- How many people have an actual, coherent “retirement plan”?

    When you dig into these questions, I think it becomes pretty obvious that most people are simply floating along hoping that nothing really bad happens to them.

    Trudy, I don’t want to sound mean, but why are you living on social security disability? Shouldn’t you be receiving long-term disability (through work / private insurance)? Shouldn’t you have at least a couple of years income from your husband’s life insurance? Is a couple of years enough time to rehab your back and neck?

  42. I’m glad you posted this.

    I have a friend who never expected to become totally disabled in mid-life. She now lives on $ 920 Soc Sec Disability and $15 food stamps…. She’s quite sickly and alone to make everything more of a challenge.

    Miraculously we got her approved for a 30% apartment which rent of $ 372.
    The rest of her budget is like this:
    -92 Tithe
    -372 rent
    -65 car ins
    -120 food
    -35 gas for car
    -15 TV penalty for cancelling contract
    -63 phone – will drop soon to $33 + free phone
    -80 Electricity
    -81 life insurance+meds

    Her car’s a wreck and we live in a city with no public trans. By her example, I’m learning how critical it is to save save save and make sure you’re very lovable because you’ll need help when you are hungry or something goes wrong.

  43. @anita: I have a friend who never expected to become totally disabled in mid-life.

    Please see my comment above. Again, I don’t mean to be impolite, but who really “expects” to become “totally disabled”?

    You say that you’ve learned “how critical it is to save save save…”, but isn’t this really a case of how important it is carry adequate disability insurance?

  44. I read a few of the comments. “Didn’t they save” you say? Let me tell you, my husband was 44 when he became disabled. No, I didn’t save
    I still had three children in school. I quit work for the most part to take care of him. I live on SS. If you can’t give helpful suggestions please don’t question why we are where we are. Had we been able to work until
    we were sixty-five I know things would have been different. Lucky you, lucky grandparents. These replies just make me angry as I got a medical bill yesterday. No, I don’t have Medicaid, and we own our own home. But house and car insurance is eating us alive.

  45. I read these posts and wonder “how did we sink so low as to not want to take care of our own”. I doubt anyone strives to be down on their luck but it does happen. I am a developer in Panama (rural Panama) and build condos priced for just the group of people we are speaking about. Not “bad people” just people who have not fared as well as others and would like a decent retirement without going broke to have a home.
    As the economy worsens there are going to be many more that fall into this category. As such, I have designed a new dwelling and will be promoting it very soon. The unit will sell for under 15k and the monthly cost of “land usage, septic, water elect hook up etc) will be under $125. per month. Utilities, phone internet etc are extra.
    Here in Panama, you are eligible for permanent residency with only $1000. per month income for the applicant and $250 per month for each dependent. This brings about many added benefits as a “pensionado”. Cost of living is low and where we live, the people are great.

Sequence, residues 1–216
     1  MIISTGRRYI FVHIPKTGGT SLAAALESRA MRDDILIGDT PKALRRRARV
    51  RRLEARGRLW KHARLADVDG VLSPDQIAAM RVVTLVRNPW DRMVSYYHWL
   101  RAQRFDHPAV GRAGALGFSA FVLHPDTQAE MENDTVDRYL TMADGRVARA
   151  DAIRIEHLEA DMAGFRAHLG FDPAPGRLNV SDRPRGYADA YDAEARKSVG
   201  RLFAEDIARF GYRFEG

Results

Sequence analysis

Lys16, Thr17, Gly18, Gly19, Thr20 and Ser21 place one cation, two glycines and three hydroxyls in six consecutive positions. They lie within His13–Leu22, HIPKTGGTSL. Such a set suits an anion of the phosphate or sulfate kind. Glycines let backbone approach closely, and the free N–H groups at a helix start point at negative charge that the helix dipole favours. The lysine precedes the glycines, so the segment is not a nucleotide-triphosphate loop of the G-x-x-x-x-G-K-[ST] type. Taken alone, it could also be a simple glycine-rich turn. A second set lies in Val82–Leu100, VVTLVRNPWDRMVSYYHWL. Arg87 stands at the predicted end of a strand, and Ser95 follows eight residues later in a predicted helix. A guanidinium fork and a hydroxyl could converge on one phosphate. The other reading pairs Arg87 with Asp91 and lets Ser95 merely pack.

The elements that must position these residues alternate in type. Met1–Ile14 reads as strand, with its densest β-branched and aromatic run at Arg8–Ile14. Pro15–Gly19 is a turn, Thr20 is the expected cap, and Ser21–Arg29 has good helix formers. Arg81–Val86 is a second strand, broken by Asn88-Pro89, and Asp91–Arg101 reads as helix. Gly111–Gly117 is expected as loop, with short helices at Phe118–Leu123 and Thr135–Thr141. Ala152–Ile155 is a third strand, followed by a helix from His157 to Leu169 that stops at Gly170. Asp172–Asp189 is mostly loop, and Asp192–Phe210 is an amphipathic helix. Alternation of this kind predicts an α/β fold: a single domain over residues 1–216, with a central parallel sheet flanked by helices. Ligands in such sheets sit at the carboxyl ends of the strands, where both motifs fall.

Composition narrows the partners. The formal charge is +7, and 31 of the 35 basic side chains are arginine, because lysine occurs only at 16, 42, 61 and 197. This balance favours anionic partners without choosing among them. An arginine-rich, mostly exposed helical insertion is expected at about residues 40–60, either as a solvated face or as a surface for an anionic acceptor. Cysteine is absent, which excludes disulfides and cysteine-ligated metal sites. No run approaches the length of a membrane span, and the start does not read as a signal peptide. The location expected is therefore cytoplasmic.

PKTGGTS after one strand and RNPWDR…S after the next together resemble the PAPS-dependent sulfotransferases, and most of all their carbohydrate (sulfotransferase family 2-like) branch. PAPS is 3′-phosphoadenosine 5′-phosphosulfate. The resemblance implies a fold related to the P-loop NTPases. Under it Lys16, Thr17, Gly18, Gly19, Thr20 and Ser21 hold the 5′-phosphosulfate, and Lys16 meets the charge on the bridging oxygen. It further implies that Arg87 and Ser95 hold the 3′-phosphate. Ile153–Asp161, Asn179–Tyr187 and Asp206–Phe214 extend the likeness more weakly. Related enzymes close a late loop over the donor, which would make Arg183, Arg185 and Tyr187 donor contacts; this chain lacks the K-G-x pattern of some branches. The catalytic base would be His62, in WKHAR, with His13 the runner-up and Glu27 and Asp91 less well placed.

I would like to know how many people would be interested in such a home. Please ask any questions or give any input as to what you want. This info helps me build to suit. As I will probably only be building about 10 units I would like as much input as possible. You can contact me directly at jack@easyretirementliving.com
    Cheers,
    Jack

  46. Judith Baker says:

    From reading, I think the seniors trying to make it on SS Disability should be commended. A person can’t save enough to make life easy when a person retires. Most people in the US make approx $40,000 for a family of 4. Now, unless you are frugal all your life, you are not going to be able to save a whole lot of money.
    I am a senior and I am frugal, but I manage. Of course, the amount I receive from SS is much higher than most. I have Hi speed and Directv because I thought we were going to have COLA, but we didn’t get one last year and not this year either. I can’t get out of paying because I will have to pay a high price to do so. So there is no going back to low speed and rabbit ears. :-( I watch my money and just enjoy it.
    I do want to give credit where credit is due and all the senior stories here let me know ‘we’re’ making it through ideas and ways to stretch our money. Let’s think ‘glass is half full’ and keep a positive attitude. Just take it a day at a time. Remember to smile because if you concentrate just on the negative, there will be hell to pay on your health. Good luck

  47. rosalie says:

    For those that feel that we are not “entitled” to SS, let me ask you, Why Not?
    I have been paying into SS my whole life, started working when I was 14. We don’t have a choice. I’m close to the age where I will be able to get my SS. The salaries I made did not leave me with much left over to be able to save for retirement. I wasn’t fortunate enough to work for any employer who had a retirement fund for us. So, when I do retire, that is all I’m going to have. Those of you who are fortunate enough to have retirement plans are blessed. But, don’t look down on us that don’t. We are not looking for handouts, and yes, we will live on what we get. It totally irks me to see that some of you down-grade us for not having any retirement funds. Compassion is not something you have much of. Hopefully when you are old, you won’t need someone’s compassion to survive.